Choose the XSE edition and Toyota brings in imitation leather seats, a moonroof, paddle shifters, and heated and ventilated front seats. Available on both trims is rear outboard passenger heated seating. Further, a heated steering wheel, carpet floor mats, and a smart key system are available.
Toyota equips the Prime SE with an 8-inch touch-screen display and a six-speaker audio system. Also, Amazon Alexa, Apple CarPlay, and Android Auto compatibility, five USB ports, Bluetooth connectivity, satellite radio, Wi-Fi Connect, and connected services come standard.
The XSE trim gains a 9-inch touch-screen display and a Qi-compatible wireless charging pad. Also available is a navigation system and an 11-speaker JBL audio system. A 120-volt power outlet is optional for the cargo department.
A pair of options with the XSE include a bird’s eye view camera and a 10-inch color head-up display round out the available tech features.
Your safety isn’t an afterthought with Toyota. Most every model comes with a long list of standard driver-assist features to help you maintain control, avoid an accident, or to reduce injuries. We’re seeing most manufacturers adopt advanced tech features, but Toyota is one of the few where nearly every feature is included.
Under the Toyota Safety Sense 2.0 umbrella, you’ll find such features as a pre-collision system with pedestrian detection, lane departure alert with steering assist, and lane tracing assist. Further, Toyota includes automatic high beams, full-speed adaptive cruise control with full stop and go, and road sign assist.
What is the only option here? That would be front and rear parking assist with automated braking for the XSE trim only. Certainly, this is an option you’ll want if you plan to take advantage of the Prime’s 2,500-pound towing capacity. Yes, you can tow with this hybrid!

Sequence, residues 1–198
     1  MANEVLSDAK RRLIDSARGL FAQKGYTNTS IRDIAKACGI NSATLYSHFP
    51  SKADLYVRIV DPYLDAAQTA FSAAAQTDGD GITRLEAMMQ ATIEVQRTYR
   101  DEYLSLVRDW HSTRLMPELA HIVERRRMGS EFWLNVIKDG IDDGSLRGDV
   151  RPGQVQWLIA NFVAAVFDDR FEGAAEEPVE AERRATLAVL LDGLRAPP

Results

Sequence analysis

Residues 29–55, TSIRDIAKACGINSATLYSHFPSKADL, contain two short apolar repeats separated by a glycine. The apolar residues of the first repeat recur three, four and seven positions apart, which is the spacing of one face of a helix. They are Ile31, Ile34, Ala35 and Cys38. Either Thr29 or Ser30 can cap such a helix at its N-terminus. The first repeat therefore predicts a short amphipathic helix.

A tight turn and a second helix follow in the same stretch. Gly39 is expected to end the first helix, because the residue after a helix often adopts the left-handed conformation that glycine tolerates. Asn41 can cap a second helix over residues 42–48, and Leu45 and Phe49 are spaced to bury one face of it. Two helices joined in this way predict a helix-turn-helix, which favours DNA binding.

You’d think top safety scores would accompany the Prime and they do. For example, the Insurance Institute for Highway Safety (IIHS) awards the Prime with its Top Safety Pick rating.
Also, the National Highway Traffic Safety Administration (NHTSA) assigns the RAV4 with a 5-star safety rating. Undoubtedly, both contribute to the Prime’s safety prowess.
Notably, the GR Supra is fast. In fact, it’s Toyota’s fastest model, easily outpacing the Toyota 86. The 86 was in second place, but the RAV4 Prime supplants it, thanks to its combined 302 horsepower, which delivers a 0-60 mph time of 5.7 seconds. That’s right…the Prime is not only efficient, but it’s powerful.
At the heart of the Prime’s sophisticated motivation system is a 2.5-liter four-cylinder engine making 177 horsepower. Certainly, that fact alone is not a lot of power, but it doesn’t work by itself. Indeed, the Prime relies on a pair of electric motors to enhance power as well as to create all-wheel drive, as one motor ties in with the rear axle to drive those wheels, as needed.
The added power output brings 179 horsepower to the front and 53 horsepower to the rear. Additionally, a 199 pound-feet of torque is sent to the front and 89 pound-feet to the rear. Under full throttle the entire system goes to work and brings with it optimum power.
This is the first time Toyota developed a PHEV that’s so sophisticated as it successfully integrates gas and electric power into the Prime’s system to maximize efficiency and performance.